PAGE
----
Hello Holga: Holga 135 review

I’ve been wanting to give film photography a try for a while now, so last year made it my mission to shoot a roll of film – and I bought a Holga 135 to do it on.

Holgas are a brand of ‘toy’ camera first made in Hong Kong in the 1980s, similar to the Diana cameras that were really popular a few years back (although those originally came out in the 1960s). There are two types of 35mm Holgas: the 135, which is the one I have, and the 135BC. The BC stands for ‘black corners’, as it produces vignettes at the corners.

Whichever Holga option you choose, they’re cheap, plasticky and known for producing images with vignettes, unpredictable light leaks and a soft-focus blur. I’ll admit these don’t sound like a selling points, but it’s all part of the charm – you never quite know how your photos are going to turn out.

This being my first roll, I was expecting mixed results – and that’s definitely what I got. Holgas don’t exactly have a whole lot of settings to play with, which is part of what attracted me to them in the first place. It’s film photography for dummies! That being said, I still messed up half the film thanks to its pesky bulb switch.

Although the Holga has a few settings, they don’t really do all that much – apart from, that is, the bulb switch. This nifty setting allows the shutter to stay open for long exposures when taking photos at night or in low lighting, which is not what you want when you’re taking a standard photo in daylight.

It also just to happens to be on the underside of the camera, which means it can be easily switched to the ‘B’ setting by accident – especially if, say, you chuck the camera loose into your handbag without a case on it.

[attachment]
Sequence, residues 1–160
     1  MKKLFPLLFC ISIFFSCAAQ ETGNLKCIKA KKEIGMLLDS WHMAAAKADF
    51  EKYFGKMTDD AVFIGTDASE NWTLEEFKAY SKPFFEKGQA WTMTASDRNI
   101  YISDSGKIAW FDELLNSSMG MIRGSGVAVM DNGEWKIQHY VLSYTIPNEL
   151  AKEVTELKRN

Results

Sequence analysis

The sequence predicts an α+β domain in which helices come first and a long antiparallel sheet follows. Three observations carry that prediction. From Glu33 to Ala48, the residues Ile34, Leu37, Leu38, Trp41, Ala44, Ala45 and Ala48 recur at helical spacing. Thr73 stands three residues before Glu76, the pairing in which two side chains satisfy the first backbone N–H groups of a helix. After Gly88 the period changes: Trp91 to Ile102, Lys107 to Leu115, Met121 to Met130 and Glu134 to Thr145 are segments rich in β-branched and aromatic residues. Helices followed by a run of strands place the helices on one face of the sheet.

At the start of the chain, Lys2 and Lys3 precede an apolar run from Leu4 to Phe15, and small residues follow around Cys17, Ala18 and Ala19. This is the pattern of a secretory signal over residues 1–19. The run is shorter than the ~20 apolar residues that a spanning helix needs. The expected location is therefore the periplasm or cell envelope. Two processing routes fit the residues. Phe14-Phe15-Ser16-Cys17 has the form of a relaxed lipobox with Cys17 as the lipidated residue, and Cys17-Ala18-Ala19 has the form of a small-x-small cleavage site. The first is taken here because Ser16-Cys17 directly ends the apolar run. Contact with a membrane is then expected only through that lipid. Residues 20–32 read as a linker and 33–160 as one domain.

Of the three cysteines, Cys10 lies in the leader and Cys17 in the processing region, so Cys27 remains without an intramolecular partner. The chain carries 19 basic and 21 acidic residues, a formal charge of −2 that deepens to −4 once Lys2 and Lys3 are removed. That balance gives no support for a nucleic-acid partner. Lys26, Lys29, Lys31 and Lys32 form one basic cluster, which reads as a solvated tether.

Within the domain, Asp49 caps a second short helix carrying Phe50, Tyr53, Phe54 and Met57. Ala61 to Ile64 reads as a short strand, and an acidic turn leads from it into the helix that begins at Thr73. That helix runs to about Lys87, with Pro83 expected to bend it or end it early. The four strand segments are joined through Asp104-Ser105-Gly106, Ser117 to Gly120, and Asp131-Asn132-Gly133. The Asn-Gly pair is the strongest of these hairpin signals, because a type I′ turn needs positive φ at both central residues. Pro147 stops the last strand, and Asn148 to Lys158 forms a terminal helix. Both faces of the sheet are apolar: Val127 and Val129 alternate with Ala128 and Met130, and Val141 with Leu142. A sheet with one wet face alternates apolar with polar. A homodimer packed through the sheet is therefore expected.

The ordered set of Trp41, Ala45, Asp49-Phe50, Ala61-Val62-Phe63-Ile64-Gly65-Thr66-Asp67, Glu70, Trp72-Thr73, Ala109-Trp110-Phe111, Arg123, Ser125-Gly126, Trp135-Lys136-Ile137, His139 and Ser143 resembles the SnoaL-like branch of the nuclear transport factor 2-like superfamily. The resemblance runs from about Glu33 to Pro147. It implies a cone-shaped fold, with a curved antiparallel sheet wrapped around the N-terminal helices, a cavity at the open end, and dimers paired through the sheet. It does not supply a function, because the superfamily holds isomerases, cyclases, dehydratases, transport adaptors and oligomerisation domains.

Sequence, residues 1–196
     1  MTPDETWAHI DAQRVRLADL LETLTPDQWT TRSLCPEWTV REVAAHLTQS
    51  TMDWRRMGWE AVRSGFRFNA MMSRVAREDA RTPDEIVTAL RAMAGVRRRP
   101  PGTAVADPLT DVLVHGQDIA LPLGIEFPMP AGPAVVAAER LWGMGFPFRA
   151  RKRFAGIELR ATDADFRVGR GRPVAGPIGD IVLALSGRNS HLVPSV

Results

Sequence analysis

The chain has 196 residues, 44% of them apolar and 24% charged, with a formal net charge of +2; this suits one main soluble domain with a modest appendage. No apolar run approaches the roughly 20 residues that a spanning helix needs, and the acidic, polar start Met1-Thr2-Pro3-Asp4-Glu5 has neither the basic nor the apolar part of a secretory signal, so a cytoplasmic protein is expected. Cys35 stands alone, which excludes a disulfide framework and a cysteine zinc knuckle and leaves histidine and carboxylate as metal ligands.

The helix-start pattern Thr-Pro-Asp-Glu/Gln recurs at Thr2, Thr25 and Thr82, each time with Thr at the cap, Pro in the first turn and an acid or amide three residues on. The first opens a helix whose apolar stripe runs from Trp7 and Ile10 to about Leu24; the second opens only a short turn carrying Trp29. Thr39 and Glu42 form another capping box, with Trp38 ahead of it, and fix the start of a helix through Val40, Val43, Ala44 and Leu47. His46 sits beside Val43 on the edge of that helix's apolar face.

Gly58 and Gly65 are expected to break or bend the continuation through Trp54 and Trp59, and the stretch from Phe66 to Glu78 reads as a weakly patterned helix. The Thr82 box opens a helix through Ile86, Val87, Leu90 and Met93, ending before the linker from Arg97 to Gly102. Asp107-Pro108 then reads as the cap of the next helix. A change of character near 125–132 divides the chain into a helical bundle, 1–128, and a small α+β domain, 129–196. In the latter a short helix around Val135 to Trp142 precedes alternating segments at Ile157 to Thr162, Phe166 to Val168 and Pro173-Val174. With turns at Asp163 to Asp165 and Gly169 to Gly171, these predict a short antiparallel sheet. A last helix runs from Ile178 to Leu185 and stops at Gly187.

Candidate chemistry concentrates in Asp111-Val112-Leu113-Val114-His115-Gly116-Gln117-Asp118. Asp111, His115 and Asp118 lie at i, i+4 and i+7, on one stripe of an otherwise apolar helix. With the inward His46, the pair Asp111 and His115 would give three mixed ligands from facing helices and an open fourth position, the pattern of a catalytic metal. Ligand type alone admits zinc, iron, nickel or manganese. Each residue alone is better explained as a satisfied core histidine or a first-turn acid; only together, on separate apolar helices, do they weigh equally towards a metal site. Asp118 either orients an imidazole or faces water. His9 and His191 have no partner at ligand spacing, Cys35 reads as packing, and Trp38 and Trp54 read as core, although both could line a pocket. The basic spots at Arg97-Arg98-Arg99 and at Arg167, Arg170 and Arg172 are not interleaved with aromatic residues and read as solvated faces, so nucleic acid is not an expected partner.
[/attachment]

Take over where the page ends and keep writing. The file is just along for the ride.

I’m not giving up, though! I’ve got a black and white roll to snap with next – and I’ll be checking that damn switch before clicking the shutter.

Tips for shooting with a Holga 135:

  • Careful with that bulb switch! Learn from my mistake and make sure you check that sucker every time you take your camera out, or you’ll end up with half a roll of blurry, over-exposed shots like I did.
  • Tape up the camera. If you’re not a fan of the light leaks, Holga pros recommend taping up the gaps in the camera casing with black tape.
  • Remember to wind the film (or not). This sounds so simple, but I found it hard to get into the habit of winding the film on and ended up with some unintentional double and triple exposures. So I’ll be (intentionally) playing with that more with my next roll.
  • Have fun! I was a bit too precious with my film, saving it until the ‘right’ time, so it took me ages to finish the roll (and half the shots were still rubbish anyway). The results are so unpredictable that there’s really no point in being precious – so, to paraphrase Nike, just shoot it!

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